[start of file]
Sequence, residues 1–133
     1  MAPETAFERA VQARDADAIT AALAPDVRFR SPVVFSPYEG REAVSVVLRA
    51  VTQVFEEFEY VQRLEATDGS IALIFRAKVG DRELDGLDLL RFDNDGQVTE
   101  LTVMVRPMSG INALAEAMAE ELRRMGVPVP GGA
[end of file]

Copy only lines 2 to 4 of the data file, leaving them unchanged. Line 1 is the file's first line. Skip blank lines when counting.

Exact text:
     1  MAPETAFERA VQARDADAIT AALAPDVRFR SPVVFSPYEG REAVSVVLRA
    51  VTQVFEEFEY VQRLEATDGS IALIFRAKVG DRELDGLDLL RFDNDGQVTE
   101  LTVMVRPMSG INALAEAMAE ELRRMGVPVP GGA